Choosing a Lawyer
People going through a divorce have many options when it comes to choosing a lawyer. Finding the right lawyer to guide you through this process can have a significant impact on the outcome of your divorce. The decisions you make today and throughout the proceedings are decisions most families will live with for years to come, particularly those relating to parenting time, child support, and finances. The right advice at the outset can help you make the right decisions today and in the future.
Here are a few things you should consider when hiring a lawyer:
- Experience – Your attorney should be focused on divorce and family law. This is a complicated area of law, particularly when children are involved. Look for lawyers with experience, reputation, and references.
- Candor – A good attorney gives you a candid assessment about your case and your chances on specific issues. Your lawyer should be a pragmatist, offering realistic evaluations to speed resolution.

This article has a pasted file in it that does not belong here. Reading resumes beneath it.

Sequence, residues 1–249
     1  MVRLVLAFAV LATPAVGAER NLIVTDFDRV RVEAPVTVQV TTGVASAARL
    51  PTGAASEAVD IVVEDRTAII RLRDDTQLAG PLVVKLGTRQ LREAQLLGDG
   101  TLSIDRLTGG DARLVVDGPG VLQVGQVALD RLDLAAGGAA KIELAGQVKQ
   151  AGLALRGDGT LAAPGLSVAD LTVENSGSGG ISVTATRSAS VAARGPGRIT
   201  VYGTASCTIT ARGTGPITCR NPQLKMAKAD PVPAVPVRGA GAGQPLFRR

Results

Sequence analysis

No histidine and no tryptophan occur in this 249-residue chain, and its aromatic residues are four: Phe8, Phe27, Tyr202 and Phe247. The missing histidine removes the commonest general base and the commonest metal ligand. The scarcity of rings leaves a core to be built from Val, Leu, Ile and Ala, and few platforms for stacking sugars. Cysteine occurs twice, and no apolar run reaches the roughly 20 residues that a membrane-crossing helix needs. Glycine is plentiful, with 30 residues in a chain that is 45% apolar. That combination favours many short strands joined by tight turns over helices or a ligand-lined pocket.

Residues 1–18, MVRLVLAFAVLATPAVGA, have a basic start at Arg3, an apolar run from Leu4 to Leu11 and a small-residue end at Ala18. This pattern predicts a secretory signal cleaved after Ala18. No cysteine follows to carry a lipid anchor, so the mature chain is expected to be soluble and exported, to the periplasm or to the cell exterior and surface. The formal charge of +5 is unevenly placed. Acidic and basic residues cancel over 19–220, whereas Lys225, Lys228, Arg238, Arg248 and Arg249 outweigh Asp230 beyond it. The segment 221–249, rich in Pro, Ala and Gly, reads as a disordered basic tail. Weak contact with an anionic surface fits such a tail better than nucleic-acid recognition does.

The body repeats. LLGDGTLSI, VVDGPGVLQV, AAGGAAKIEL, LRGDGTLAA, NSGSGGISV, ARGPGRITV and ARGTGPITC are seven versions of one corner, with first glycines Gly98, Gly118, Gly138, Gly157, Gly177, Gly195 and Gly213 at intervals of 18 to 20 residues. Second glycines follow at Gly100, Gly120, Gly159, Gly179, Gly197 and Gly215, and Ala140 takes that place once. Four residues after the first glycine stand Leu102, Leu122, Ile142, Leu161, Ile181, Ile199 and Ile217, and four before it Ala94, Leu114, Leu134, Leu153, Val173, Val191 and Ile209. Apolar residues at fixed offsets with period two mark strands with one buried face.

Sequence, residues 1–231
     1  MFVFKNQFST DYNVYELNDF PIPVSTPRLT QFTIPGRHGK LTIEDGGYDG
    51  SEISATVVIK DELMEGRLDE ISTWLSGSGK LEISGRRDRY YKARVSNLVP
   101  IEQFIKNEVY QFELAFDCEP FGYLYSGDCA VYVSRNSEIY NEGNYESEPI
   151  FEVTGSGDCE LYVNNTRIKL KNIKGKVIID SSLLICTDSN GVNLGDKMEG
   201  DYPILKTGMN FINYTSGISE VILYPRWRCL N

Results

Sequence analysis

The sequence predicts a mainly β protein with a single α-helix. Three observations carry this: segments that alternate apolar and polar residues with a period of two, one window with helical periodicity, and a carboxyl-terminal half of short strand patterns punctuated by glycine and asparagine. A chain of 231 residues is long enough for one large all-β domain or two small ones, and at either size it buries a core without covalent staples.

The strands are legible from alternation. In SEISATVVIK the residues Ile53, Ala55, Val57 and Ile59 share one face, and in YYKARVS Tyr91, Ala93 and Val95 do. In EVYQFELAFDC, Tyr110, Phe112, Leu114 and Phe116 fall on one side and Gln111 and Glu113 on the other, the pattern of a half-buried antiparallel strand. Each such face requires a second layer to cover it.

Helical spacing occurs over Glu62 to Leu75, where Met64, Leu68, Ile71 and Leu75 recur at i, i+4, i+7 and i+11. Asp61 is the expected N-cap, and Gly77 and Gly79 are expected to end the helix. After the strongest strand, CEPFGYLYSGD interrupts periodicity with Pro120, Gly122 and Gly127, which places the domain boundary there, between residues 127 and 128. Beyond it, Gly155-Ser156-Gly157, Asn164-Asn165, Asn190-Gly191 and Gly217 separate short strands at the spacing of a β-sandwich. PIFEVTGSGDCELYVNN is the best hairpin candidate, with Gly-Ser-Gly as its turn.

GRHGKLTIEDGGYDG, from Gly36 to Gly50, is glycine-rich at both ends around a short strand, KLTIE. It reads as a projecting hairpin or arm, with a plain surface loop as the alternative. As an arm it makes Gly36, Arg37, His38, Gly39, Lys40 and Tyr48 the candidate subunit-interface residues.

- Children – If you have children, your attorney should make your children a priority and help you minimize the impact of divorce on them.
- Focus – The right attorney will focus on the important issues, providing intelligently aggressive representation. Avoid attorneys who promise to fight for everything and see divorce as a win or lose proposition. That mindset disrupts resolution and hurts all parties to the process, especially children.
- Demeanor – Your lawyer should answer your questions and be accessible to you, as well. Look for a lawyer willing to take the time to do so.
- Problem Solving Skills – Your attorney should identify problems and solve them – whether through counseling, wise advice, mediation, collaborative law, or possible trial. A good attorney looks at all the options to solve a problem in order to minimize the impact of divorce, particularly on children.
An attorney with these skills will provide the right balance of aggressively intelligent representation, confidence, and comfort, whether you are in the early stages of dissolving your marriage, negotiating child support and custody agreements, or modifying an existing order.